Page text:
Reality shows are generally not my thing. Don’t get me wrong, I’m often subjected to the genre because I submit to family preferences. How else would I know that Emmitt Smith is quite the twinkle toes. But, while channel surfing, I discovered Shark Tank.
On Shark Tank (see the clip below), entrepreneurs pitch their ideas to a panel of angel investors, known as sharks, to win funding for their enterprise. The sharks, one of whom is Mark Cuban, the colorful owner of the Dallas Mavericks, pillory the entrepreneur with questions about their product(s) and business plan. After the Q&A, they decide if they want to fund the venture, and at what level. Watching and listening to the questions, answers, offers and counteroffers is fascinating.
I recently read a NY Times You're the Boss Blog article regarding how banks can fund small businesses. It made me think of Shark Tank. Businesses evolve through various stages. In early stages, entrepreneurs struggle to get funding. It’s generally too risky for a bank loan. So, early stage funding typically starts with owner’s capital, then to friends and family if it gets that far, then to angel investors. Banks will entertain a loan typically after a few years of successful operation. There are exceptions, however. The SBA loan program was designed to get earlier stage capital to entrepreneurs. But generally, young businesses need equity, not debt.
Many banks are headquartered or have significant presence in communities that are experiencing economic difficulties. This impacts loan quality, loan demand, growth, and profitability. But most banks remain on the sidelines when it comes to small business formation. The businesses formed today, appropriately capitalized, will be those that sustain our communities in the future. Some of the fastest growing companies today are not that old...i.e. Priceline.com, VistaPrint, Netflix, etc.
These businesses needed capital. Many top new companies are located in California’s Silicon Valley, and not coincidentally, that is where many venture capital firms are located. As traditional providers of capital, can banks participate in funding early stage ventures? I say yes because of community banks’ unique position in our communities.
But funding early stage businesses does not have to be with the traditional bank loan, or even an SBA loan. These are equity investments, higher risk seeking higher return. I think banks can sponsor their own version of Shark Tank. Not as sole investors in an angel fund, but as investors and managers of an angel fund, much like the sharks of Shark Tank. What would be bankers’ objections:
1. It is an impermissible activity… jfb response: Put it at the holding company. Many banks manage mutual funds in their trust companies, don’t they?
2. It wouldn’t be profitable… jfb response: I wonder how venture and angel funds do it? A small, $10 million fund can earn a 2% annual fee ($200,000) and 20% of the “ups” (fund returns). So if an angel fund averaged a 10% annual return (low for venture fund standards), the revenues to the manager of the fund would be $400,000 ($200,000 annual fee plus 20% of the $1 million annual return). You couldn’t manage a $10 million fund for $400,000/year?
3. We would have to turn down more businesses than fund… jfb response: True! But it would force startups to develop a business plan to chart their future and present to the sharks. Even if the venture doesn’t win the funding, the entrepreneur would have thought through the business more thoroughly. How many times do you drive by a new business that you don’t think will make it? Through this process, those that get turned down may turn their entrepreneurial spirit to a more sustainable venture, or burn with a greater desire to prove you wrong!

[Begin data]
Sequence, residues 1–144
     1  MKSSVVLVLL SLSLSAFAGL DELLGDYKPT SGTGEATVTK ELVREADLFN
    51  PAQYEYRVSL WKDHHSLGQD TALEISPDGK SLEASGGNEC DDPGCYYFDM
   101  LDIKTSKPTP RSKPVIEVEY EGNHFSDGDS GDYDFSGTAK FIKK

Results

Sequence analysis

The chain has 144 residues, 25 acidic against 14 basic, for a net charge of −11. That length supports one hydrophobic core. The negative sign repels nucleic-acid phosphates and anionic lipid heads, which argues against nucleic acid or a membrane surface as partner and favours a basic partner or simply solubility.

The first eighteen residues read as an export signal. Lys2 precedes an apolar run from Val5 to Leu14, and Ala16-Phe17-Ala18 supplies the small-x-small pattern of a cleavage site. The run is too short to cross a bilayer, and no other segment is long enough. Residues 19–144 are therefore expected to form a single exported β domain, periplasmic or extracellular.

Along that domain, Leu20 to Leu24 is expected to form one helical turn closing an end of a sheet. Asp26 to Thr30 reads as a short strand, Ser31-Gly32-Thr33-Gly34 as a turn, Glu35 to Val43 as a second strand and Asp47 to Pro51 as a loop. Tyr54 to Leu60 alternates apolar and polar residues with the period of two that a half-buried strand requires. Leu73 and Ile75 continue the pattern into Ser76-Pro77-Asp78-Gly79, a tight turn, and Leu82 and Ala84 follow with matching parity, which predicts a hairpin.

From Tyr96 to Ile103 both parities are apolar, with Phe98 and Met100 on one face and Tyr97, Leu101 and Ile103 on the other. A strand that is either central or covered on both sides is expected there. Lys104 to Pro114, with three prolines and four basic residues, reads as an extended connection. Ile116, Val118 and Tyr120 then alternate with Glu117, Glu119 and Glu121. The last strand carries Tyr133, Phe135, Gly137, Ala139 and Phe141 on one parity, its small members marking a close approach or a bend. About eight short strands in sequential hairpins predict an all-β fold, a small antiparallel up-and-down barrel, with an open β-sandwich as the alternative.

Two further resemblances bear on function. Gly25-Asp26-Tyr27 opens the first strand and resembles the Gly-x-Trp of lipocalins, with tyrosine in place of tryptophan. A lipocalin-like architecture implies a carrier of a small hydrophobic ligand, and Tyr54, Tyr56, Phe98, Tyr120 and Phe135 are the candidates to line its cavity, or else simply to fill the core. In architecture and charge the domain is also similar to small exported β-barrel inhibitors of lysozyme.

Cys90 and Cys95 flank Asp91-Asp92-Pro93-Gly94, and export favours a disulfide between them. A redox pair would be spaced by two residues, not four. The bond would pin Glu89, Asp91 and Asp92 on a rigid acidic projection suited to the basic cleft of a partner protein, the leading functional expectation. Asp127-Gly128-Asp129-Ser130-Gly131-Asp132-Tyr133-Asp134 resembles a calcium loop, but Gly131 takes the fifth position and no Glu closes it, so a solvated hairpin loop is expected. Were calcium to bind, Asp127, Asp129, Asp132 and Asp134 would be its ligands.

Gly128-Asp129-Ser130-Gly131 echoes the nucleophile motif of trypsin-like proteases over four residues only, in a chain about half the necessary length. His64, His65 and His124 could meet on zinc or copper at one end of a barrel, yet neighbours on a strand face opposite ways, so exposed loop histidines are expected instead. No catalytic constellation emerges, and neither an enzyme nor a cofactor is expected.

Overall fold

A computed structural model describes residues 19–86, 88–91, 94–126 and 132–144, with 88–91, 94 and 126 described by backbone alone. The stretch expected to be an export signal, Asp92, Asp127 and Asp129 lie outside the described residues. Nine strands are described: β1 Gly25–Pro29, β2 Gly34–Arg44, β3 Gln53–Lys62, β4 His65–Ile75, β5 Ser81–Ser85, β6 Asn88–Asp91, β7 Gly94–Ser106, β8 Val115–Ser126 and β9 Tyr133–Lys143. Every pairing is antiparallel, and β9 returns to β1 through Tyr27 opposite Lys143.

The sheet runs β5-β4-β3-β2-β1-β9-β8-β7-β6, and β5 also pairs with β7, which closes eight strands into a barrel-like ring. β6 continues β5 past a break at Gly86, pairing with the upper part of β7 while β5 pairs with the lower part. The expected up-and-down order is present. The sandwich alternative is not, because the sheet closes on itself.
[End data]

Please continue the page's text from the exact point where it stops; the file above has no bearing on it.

The benefits, in my opinion, would be:
1. Get more funding to promising startups. One of the top reasons for business failure is lack of capital.
2. Turn your community into a business incubator. Bring enough publicity to your process, you are likely to get more businesses seeking funding. Do you see having more, higher quality startups in your community as a good thing?
3. Build a sustainable future for your community. The employers of today are not likely to be the employers for the next generation in your local area. Acquisitions, changing consumer preferences, and general corporate inertia make today’s strong business into tomorrow’s dinosaur. Remember the Palm PDA? Strong, vibrant communities should always be looking to the next ventures that will sustain them into the next generation.
What do you see as advantages and disadvantages of a community bank sponsoring its own Shark Tank?
I always wondered why Community Banks did not take a more active role in providing venture capital for startups much like you describe. In simple terms it seems feasible and if successful these new companies would eventually require traditional bank loans for their ongoing operations.
I wholeheartedly agree! And don't forget these in-community startups will have local employees, and vendors that provide them products and services.
One other objection that a banker may pose: One way to "take out" an angel investor is a bank loan once the business has a successful operating history. The angel fund sponsoring bank may not be able to do that loan if the purpose is taking out the angel fund. But I'm not certain of this.
However, it would be short sighted to not seed new ventures for this reason. The bank's community, and therefore the bank, would greatly benefit from a successful company in their backyard.
Thanks for the comment!
Next time we occupy the same space we should have a beer and discuss further.ReplyDelete